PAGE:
The Ham-Handed Genius of 'Oppenheimer'

the moviegoing public remains open to films that wrestle openly with ideas

Cillian Murphy as Oppenheimer, uncomfortably walking through a hallway lined with photographers all brandishing giant old-fashioned flashbulb cameras
image: Universal Pictures

I wasn’t especially diligent about seeing new movies last year, but I did somehow manage to see Oppenheimer twice, and I’m wishing it well at the Oscars. There may have been better films—Richard Brody was characteristically lucid and unsparing about Oppenheimer’s flaws in The New Yorker—but there’s something beguiling about this picture.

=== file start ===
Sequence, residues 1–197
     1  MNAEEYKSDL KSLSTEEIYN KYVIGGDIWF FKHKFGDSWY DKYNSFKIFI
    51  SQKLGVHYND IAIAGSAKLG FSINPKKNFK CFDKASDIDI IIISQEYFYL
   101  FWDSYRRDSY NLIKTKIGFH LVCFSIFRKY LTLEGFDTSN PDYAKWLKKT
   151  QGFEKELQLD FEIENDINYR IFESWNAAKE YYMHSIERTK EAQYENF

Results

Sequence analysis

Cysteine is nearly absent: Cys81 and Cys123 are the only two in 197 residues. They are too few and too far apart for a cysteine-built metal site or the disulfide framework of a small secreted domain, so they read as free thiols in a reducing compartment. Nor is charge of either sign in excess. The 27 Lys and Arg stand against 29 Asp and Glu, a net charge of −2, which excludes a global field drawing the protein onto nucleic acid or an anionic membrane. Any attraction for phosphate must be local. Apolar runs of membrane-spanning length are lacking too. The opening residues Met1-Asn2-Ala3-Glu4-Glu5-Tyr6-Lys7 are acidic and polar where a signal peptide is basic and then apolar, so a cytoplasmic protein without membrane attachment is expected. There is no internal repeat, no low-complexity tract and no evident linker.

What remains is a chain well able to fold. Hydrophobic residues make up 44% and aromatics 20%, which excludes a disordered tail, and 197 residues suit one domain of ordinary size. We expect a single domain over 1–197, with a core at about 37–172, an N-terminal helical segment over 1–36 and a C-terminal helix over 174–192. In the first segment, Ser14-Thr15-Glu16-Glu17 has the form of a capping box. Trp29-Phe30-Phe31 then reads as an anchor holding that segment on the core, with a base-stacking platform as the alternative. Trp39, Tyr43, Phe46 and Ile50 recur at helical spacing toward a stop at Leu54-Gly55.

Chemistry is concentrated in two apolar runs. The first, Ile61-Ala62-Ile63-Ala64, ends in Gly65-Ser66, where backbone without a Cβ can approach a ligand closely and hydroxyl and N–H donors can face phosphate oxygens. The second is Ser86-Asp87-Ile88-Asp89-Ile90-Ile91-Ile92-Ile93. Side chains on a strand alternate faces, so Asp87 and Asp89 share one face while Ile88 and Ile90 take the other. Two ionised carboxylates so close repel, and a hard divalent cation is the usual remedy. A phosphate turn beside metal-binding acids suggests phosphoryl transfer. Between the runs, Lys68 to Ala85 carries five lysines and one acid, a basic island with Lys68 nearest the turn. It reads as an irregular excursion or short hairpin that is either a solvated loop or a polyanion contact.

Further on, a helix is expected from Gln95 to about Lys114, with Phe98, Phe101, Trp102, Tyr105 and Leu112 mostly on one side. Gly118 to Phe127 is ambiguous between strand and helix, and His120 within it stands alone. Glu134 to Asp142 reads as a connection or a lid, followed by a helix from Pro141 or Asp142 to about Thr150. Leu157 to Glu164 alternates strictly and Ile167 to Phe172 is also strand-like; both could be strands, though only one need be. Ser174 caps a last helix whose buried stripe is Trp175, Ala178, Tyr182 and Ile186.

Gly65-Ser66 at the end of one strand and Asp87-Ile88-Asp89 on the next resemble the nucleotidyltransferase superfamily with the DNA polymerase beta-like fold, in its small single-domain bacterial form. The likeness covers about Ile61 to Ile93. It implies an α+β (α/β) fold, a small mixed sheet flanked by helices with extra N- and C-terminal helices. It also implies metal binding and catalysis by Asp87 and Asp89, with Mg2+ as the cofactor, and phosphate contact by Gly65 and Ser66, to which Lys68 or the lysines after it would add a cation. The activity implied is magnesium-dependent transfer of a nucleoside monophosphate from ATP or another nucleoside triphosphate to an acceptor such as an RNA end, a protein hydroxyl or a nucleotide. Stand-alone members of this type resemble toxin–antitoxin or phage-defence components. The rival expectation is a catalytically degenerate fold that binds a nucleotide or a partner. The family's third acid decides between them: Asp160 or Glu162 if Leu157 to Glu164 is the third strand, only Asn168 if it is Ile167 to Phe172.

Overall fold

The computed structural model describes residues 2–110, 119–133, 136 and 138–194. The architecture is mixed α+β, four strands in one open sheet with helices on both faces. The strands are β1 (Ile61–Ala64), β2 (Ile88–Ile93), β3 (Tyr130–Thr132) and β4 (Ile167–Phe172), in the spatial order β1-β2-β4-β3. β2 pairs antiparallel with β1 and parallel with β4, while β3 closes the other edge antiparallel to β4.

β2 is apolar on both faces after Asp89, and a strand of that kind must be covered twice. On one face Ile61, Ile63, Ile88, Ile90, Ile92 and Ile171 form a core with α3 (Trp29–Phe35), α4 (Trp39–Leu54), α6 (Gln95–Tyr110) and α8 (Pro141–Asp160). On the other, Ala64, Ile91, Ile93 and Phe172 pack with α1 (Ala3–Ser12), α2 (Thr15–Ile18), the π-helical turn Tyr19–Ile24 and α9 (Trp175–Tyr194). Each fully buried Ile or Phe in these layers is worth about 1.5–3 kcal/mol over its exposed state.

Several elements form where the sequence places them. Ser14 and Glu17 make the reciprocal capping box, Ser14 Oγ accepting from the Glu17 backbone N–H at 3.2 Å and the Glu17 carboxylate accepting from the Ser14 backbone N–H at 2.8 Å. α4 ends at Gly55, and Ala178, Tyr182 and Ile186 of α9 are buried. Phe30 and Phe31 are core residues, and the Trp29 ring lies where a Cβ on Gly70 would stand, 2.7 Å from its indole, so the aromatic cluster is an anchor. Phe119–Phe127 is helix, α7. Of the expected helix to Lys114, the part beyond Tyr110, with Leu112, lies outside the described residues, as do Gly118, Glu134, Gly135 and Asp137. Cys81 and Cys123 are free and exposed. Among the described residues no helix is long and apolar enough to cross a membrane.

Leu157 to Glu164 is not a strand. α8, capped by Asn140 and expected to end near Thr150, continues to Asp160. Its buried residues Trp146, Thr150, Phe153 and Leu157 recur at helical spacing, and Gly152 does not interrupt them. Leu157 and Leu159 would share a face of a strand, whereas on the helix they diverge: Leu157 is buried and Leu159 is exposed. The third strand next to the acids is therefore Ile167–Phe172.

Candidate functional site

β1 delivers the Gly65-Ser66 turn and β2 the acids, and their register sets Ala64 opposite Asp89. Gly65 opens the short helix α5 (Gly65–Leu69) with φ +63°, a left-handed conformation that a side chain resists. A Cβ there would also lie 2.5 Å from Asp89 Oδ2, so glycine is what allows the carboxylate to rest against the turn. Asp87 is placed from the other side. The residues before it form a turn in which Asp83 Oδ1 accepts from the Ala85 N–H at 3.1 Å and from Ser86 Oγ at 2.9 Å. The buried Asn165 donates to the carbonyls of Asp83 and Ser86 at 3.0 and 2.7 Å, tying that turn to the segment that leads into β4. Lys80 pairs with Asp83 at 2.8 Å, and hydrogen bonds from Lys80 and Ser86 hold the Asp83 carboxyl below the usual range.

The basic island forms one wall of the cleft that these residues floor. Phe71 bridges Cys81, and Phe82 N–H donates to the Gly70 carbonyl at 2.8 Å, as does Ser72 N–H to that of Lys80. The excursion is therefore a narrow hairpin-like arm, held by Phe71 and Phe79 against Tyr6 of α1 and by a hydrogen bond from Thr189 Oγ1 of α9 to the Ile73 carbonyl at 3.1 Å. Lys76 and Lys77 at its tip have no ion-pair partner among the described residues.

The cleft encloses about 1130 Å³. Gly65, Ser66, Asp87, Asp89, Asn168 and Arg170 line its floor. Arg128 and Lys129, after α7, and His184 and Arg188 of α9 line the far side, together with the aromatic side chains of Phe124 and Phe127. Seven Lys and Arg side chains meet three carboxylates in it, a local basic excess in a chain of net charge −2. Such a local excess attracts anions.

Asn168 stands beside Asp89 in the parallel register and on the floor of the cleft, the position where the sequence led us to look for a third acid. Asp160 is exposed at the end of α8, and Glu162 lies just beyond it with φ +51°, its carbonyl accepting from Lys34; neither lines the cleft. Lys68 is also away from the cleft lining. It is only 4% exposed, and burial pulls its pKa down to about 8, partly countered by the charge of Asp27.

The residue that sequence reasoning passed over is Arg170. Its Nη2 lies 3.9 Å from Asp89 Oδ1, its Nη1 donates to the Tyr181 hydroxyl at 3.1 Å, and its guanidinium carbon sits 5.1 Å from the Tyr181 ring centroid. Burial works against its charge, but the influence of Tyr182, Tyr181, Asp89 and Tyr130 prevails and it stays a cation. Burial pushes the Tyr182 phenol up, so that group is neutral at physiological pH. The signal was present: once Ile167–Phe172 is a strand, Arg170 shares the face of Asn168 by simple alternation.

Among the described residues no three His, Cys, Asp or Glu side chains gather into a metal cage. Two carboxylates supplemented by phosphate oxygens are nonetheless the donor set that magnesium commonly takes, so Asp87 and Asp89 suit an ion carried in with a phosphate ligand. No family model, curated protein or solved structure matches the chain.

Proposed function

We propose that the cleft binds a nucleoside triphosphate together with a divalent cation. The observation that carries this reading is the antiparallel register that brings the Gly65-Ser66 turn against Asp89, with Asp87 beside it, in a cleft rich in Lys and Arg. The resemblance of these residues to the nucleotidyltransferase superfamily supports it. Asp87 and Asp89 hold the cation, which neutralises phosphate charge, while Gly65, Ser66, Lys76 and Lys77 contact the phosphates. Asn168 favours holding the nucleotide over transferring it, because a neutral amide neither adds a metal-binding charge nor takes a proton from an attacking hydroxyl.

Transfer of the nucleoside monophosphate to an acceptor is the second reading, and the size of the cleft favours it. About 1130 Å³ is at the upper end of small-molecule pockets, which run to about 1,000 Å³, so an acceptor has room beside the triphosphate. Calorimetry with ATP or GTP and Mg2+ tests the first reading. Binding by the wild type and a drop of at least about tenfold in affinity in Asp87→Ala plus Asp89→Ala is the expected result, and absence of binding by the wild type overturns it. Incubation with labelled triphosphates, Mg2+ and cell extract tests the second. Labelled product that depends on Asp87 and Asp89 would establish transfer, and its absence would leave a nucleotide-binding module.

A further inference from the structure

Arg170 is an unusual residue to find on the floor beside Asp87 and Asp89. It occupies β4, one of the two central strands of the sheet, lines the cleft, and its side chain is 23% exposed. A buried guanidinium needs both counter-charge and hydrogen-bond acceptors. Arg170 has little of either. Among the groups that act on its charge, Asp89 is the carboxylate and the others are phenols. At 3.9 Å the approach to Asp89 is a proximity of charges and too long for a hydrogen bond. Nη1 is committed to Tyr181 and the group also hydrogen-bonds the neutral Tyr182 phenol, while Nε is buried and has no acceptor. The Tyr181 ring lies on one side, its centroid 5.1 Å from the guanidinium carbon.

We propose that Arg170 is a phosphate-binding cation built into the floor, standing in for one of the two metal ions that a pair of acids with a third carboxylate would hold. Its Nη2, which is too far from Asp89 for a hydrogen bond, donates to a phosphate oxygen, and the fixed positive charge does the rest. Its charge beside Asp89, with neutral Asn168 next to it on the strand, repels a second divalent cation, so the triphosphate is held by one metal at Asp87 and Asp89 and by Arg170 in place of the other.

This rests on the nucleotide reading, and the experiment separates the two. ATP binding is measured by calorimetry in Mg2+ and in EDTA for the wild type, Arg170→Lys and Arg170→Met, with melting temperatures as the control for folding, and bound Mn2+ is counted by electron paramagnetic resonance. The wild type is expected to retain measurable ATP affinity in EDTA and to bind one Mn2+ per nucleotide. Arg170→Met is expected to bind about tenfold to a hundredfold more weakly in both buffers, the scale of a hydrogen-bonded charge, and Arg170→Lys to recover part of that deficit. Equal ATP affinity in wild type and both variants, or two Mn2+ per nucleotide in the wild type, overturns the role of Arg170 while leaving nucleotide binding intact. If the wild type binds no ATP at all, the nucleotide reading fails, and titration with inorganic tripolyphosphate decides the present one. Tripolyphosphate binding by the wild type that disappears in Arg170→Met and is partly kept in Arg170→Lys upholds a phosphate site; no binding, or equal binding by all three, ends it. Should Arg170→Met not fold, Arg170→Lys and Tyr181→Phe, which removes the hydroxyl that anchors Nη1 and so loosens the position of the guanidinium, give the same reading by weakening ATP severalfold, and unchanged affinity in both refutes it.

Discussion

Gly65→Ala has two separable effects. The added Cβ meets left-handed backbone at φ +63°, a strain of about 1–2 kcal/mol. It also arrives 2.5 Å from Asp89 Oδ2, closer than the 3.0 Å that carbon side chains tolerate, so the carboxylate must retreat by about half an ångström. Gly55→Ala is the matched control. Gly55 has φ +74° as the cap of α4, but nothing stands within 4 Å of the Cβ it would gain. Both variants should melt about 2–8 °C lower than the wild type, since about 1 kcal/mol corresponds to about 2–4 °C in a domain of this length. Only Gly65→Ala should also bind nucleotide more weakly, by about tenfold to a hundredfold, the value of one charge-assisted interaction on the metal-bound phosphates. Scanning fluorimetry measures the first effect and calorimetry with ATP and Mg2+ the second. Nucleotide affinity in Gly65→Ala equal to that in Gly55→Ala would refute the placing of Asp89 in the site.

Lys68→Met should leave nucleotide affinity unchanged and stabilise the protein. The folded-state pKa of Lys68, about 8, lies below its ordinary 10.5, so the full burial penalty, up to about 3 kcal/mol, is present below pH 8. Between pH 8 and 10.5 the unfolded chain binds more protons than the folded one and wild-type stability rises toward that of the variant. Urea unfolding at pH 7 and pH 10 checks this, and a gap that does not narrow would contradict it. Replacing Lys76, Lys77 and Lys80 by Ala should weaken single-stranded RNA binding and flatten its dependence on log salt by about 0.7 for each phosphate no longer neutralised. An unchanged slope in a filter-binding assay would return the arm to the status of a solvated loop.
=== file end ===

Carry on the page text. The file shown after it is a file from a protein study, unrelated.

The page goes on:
Early on, Oppenheimer (Cillian Murphy) meets and beds Jean Tatlock (Florence Pugh), his mercurial, well-read Communist paramour. Mid-intercourse, she dismounts him, walks over to his bookshelf, picks up the Bhagavad Gita, and asks him to translate a passage of it at random. He obliges as she straddles him again: “Now I am become death, destroyer of worlds.” 

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